Four Thirds System


Four Thirds System

The Four Thirds System is a standard created by Olympus and Kodak for digital single-lens reflex camera (DSLR) design and development.cite news | first= | last= | coauthors= | title=Kodak and Olympus join forces | date=2001-02-13 | publisher=DPReview.com | url =http://www.dpreview.com/news/0102/01021301kodakolympus.asp | work =DPReview.com | pages = | accessdate = 2007-11-07 | language = ] (Four Thirds is a registered trademark of Olympus Optical Co., Ltd.)

The system provides a standard that, with digital cameras and lenses available from multiple manufacturers, allows for the interchange of lenses and bodies from different manufacturers. US patent|6910814 seems to cover the standard. Four Thirds is not an open standard, however, as it does not meet the "allowing anyone to use" criterion commonly accepted as the definition of an open standard.Fact|2007-07-28|date=July 2007

Unlike older SLR systems, Four Thirds has been designed from the ground up to be entirely digital. Lens design has been tailored to the requirements of digital sensors, most notably through telecentric designs. The size of the sensor is slightly smaller than for most DSLRs (see drawing below) and this implies that lenses, especially telephoto lenses, can be smaller. For example, a Four Thirds lens with a 300 mm focal length would cover about the same angle of view as a 600 mm focal length lens for the 35 mm film standard, and is correspondingly more compact. That is, the Four Thirds System is said to have a crop factor (focal length multiplier) of about 2.

Sensor size and aspect ratio

The name of the system comes from the size type of the image sensor used in the cameras. The image sensor is commonly referred to as a "4/3" type" or "4/3 type" sensor. The common inch-based sizing system is derived from vacuum image-sensing video camera tubes, which are now obsolete. The imaging area of a Four-Thirds sensor is equal to that of a video camera tube of 4/3" diameter.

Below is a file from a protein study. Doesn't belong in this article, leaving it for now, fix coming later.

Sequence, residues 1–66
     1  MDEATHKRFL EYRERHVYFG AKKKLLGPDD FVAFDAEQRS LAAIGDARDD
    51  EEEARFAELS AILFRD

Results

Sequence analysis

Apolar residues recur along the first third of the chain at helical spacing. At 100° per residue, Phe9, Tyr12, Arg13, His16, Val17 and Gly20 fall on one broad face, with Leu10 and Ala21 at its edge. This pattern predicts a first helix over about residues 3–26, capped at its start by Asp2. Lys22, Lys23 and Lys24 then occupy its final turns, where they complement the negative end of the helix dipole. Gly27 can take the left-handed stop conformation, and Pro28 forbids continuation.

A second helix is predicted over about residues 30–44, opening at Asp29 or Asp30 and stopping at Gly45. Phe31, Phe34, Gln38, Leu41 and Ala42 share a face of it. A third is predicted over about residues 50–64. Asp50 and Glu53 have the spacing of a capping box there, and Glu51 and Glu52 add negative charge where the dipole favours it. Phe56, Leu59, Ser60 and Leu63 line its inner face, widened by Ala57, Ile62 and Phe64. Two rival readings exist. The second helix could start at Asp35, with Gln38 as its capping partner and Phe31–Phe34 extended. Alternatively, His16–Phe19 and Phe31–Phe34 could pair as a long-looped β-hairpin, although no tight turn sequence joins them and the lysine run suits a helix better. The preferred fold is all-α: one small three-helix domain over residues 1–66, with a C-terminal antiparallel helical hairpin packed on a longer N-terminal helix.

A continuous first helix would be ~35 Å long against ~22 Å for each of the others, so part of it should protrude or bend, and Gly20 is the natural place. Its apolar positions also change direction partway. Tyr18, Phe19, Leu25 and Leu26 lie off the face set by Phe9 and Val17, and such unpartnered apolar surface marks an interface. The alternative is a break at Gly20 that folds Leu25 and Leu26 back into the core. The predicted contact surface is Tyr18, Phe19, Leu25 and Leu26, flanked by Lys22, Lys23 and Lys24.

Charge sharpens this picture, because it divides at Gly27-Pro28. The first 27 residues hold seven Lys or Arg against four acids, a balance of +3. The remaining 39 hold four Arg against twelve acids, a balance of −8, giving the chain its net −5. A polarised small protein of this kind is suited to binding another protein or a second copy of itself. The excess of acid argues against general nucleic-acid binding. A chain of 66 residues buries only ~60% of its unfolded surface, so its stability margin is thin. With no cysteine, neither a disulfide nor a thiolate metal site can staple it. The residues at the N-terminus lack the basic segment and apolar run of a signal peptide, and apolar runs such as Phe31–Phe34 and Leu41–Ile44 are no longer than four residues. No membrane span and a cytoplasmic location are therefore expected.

The size of the sensor is 18×13.5 mm (22.5 mm diagonal), with an imaging area of 17.3×13.0 mm (21.6 mm diagonal). cite web|url=http://www.olympus-europa.com/consumer/dslr_7045.htm |title=No more compromises: The Four Thirds Standard |accessdate=2007-11-09 |work=Olympus Europe ] Its area is 30–40% less than the APS-C sensors used in most other DSLRs, but around 9 times larger than the 1/2.5" sensors typically used in compact digital cameras (see image sensor format).

The Four Thirds system uses a 4:3 image aspect ratio, in common with compact digital cameras. This differs from other DSLRs which usually adhere to the 3:2 aspect ratio of the traditional 35 mm format. The Four Thirds standard specifies the aspect ratio in addition to the size of the imaging circle. Claim 1 of US patent 6,910,814 (mentioned earlier) is specific: "…said camera body having an image pickup device having an imaging range with an aspect ratio of 4:3 on an imaging surface within the image circle…"

A major reason to choose 4:3 for the sensor proportions is that it has historically been the standard for television and became a dominant aspect ratio for computer monitors, as found in the VGA, SVGA, XGA, SXGA+, UXGA and QXGA standards.

Sensor aspect ratio has an impact on lens design. For example, many lenses designed by Olympus for the Four Thirds system contain internal rectangular baffles or permanently mounted "petal" lens hoods that optimise their operation for the 4:3 aspect ratio.

John Knaur, a Senior Product Manager at Olympus, states that "The FourThirds refers to both the size of the imager and the aspect ratio of the sensor". [http://web.archive.org/web/20021205033057/http://www.a-digital-eye.com/Olympus43Q&A.html Knaur] Interview October 01, 2002.] He goes on to state the similarity between 4:3 and the standard printing size of 8×10, as well as medium format 6×4.5 and 6×7 cameras.

Mechanical considerations

The Four Thirds lens mount is specified to be a bayonet type with a flange focal distance of 38.67 mm.